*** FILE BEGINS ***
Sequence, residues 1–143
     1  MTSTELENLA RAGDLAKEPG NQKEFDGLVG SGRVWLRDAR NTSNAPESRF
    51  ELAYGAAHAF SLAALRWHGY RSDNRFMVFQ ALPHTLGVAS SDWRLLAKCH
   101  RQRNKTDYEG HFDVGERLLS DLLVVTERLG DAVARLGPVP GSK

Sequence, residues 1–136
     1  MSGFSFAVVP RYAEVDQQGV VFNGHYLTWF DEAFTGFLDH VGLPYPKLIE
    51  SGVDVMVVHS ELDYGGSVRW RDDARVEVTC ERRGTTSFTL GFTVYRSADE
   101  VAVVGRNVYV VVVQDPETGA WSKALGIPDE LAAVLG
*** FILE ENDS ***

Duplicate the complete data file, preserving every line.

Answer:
Sequence, residues 1–143
     1  MTSTELENLA RAGDLAKEPG NQKEFDGLVG SGRVWLRDAR NTSNAPESRF
    51  ELAYGAAHAF SLAALRWHGY RSDNRFMVFQ ALPHTLGVAS SDWRLLAKCH
   101  RQRNKTDYEG HFDVGERLLS DLLVVTERLG DAVARLGPVP GSK

Sequence, residues 1–136
     1  MSGFSFAVVP RYAEVDQQGV VFNGHYLTWF DEAFTGFLDH VGLPYPKLIE
    51  SGVDVMVVHS ELDYGGSVRW RDDARVEVTC ERRGTTSFTL GFTVYRSADE
   101  VAVVGRNVYV VVVQDPETGA WSKALGIPDE LAAVLG